Berry simple, summery dessert (and gluten-free)

Sugar-and-liqueur-soaked fruit is an easy topper to cake or companion to ice cream. Photo by Laura Groch

Sugar-and-liqueur-soaked fruit is an easy topper to cake or companion to ice cream. Photo by Laura Groch

I recently brought this cool and easy fruit dessert to a warm-weather dinner party, where, I was happy to see, it was polished off, except for the “polite” spoonful left in the serving dish.

With berries and stone fruits in season now, this is a versatile option, especially if some of the guests, as in our group, must avoid gluten.

The dish started as a trifle — layers of liqueur-soaked pound cake, pudding, fruit — but I decided to go even simpler. This uses a simple technique called macerating, which is basically soaking cut fruit and/or berries in liquor and/or a sugar syrup. (Kind of like marinating, but when you do it to fruit, it’s “macerating.”) You can swap out the fruits and berries to your liking, ditto the liquor. You don’t even have to use liquor; the sugar will pull juices out of the fruit to create a simple syrup, which you can enhance with a bit of lemon, lime or orange juice.

We poured this fruit-liquor mixture over pound cake for those who could eat gluten. Non-gluten eaters got their fruit topped with vanilla ice cream (and the gluten eaters had some, too). Whipped cream would also be good.

I used a colorful mix of seasonal blueberries, raspberries and blackberries. Photo by Laura Groch

Sugar-and-liqueur-soaked fruit is an easy topper to cake or companion to ice cream. Photo by Laura Groch

You can prepare this mixture ahead of time, but not too early. A couple of hours beforehand should be plenty. The fruit will soften and give up its juices fairly quickly. (You don’t want fruit mush.) Also, keep in mind that fruit that is cut up — strawberries, watermelon, peaches — will become juicy much faster than fruit that is covered by a skin, like berries or mandarin orange segments. And remember that washed fruit, such as berries, will have some water already clinging to it, so adjust accordingly. You want a nice fruit syrup, not fruit water.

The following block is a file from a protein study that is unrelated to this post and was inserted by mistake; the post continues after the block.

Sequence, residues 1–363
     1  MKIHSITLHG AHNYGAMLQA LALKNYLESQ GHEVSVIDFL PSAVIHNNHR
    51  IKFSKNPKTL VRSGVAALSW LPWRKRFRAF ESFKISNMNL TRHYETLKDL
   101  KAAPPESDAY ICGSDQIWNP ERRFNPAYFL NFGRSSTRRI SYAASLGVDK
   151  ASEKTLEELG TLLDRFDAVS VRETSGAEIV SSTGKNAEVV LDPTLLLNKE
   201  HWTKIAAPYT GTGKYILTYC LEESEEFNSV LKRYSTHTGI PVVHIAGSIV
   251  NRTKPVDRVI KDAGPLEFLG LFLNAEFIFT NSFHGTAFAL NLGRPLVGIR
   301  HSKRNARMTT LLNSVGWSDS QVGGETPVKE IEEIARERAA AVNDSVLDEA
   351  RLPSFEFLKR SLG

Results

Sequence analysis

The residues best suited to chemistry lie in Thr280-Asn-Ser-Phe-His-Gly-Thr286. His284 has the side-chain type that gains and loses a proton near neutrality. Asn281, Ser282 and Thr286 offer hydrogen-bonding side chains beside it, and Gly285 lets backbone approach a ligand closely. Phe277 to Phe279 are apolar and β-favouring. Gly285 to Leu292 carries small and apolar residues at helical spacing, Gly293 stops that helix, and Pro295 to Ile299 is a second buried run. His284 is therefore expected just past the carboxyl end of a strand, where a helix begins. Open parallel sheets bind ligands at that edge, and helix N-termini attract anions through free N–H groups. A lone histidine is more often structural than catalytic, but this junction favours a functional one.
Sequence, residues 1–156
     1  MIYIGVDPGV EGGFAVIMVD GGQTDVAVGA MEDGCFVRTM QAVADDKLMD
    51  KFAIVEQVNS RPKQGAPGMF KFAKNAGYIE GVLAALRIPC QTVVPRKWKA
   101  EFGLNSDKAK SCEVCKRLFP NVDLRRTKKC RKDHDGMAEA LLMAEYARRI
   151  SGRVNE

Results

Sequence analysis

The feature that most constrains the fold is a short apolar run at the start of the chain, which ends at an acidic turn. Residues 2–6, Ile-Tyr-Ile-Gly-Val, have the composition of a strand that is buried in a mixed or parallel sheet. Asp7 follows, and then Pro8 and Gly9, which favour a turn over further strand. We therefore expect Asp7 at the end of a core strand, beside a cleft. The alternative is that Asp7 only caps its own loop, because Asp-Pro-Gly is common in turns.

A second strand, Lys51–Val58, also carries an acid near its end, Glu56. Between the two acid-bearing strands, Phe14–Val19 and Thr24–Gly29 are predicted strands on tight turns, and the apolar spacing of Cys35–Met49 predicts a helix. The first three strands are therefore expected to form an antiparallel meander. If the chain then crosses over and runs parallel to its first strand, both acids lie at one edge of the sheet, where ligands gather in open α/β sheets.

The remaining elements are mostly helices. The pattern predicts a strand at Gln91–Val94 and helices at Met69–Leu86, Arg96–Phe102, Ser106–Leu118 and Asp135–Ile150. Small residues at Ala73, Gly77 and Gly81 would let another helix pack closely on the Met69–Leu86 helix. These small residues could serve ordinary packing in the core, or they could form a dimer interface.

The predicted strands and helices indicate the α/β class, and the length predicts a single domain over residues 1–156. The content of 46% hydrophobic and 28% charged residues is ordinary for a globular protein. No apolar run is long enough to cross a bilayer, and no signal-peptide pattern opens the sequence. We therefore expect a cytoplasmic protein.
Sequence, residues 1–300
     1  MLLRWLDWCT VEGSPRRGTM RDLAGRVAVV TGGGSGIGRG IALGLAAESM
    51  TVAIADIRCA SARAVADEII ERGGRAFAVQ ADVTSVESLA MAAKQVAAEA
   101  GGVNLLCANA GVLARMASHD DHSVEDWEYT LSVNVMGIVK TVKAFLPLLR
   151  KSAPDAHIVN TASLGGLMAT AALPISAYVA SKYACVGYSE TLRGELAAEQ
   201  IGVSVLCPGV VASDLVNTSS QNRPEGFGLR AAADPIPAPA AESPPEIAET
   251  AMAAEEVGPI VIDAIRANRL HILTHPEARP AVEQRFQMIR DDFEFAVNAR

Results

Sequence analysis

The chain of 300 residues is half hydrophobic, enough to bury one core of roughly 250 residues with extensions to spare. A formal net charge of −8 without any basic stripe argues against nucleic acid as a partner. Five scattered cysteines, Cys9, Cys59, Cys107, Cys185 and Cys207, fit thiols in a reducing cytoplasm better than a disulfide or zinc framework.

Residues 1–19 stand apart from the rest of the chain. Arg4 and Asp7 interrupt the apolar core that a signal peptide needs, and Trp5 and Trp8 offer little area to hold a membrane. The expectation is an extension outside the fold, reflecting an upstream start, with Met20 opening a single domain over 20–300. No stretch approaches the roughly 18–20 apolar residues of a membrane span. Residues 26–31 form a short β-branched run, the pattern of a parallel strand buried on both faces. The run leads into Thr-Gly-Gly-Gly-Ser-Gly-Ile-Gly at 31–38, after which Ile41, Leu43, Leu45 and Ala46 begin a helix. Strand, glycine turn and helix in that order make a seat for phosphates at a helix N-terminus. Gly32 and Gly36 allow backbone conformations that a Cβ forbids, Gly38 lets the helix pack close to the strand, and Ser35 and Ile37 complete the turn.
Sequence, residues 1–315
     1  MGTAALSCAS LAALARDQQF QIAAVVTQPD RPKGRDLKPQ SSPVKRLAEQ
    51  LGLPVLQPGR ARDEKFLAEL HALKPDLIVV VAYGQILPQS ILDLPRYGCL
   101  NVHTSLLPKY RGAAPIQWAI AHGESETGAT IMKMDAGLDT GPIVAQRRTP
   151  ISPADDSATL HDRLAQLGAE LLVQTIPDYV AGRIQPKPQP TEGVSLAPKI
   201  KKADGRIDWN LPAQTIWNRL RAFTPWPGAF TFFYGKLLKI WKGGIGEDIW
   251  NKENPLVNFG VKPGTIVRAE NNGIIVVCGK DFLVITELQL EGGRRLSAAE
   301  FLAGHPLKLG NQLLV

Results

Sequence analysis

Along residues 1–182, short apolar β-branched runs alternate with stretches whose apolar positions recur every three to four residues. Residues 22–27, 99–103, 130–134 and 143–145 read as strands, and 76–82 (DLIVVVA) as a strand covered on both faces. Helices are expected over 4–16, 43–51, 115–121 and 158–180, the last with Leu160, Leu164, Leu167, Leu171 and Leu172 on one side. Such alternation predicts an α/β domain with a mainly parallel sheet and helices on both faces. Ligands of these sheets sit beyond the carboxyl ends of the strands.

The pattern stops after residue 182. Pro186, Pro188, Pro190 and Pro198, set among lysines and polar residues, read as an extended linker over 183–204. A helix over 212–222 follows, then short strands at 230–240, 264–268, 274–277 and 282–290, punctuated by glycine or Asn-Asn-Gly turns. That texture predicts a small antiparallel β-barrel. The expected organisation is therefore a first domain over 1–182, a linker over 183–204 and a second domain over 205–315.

I used rum the first time I made this, plus a dash of orange juice, a splash of Triple Sec and some orange zest. The second time I just used rum and brandy with the sugar. Both tasted good, so don’t be afraid to experiment. Depending on the quantities of fruit, sugar and liquor you use, your results will vary. But it all tastes good, with or without the cake — even without the ice cream.

Berries over cubed pound cake: tasty and summery. Photo by Laura Groch

Sugar-and-liqueur-soaked fruit is an easy topper to cake or companion to ice cream. Photo by Laura Groch

BERRY SIMPLE DESSERT

4 cups blueberries, washed, drained

1 cup blackberries, washed, drained

1 cup raspberries, washed, drained

2-3 tablespoonfuls sugar

2-3 tablespoonfuls liquor of your choice, optional

Dash of orange zest and/or orange juice or liqueur (optional)

Put blueberries and blackberries into a large nonmetallic bowl. Sprinkle 1-2 tablespoons sugar over fruit; add 1-2 tablespoons liquor (or juice) of your choice. Stir gently, mashing one or two berries. Let bowl sit for 15-20 minutes at room temperature, and stir again to coat fruit. Add another tablespoon of sugar and another tablespoon of liquor (or juice). Stir gently again and let sit another 15-20 minutes.

Stir again, add orange zest and juice or liqueur if using, and taste. Adjust sugar and flavorings to your taste.

Add raspberries (or other delicate fruit) last because they will break up when stirred.

Serve, with plenty of the juices, over slices or cubes of pound cake, or serve with vanilla ice cream.

Serves from 6 to 8 people. Got leftovers? Use on pancakes or French toast.

(c) Copyright 2016 Laura Groch

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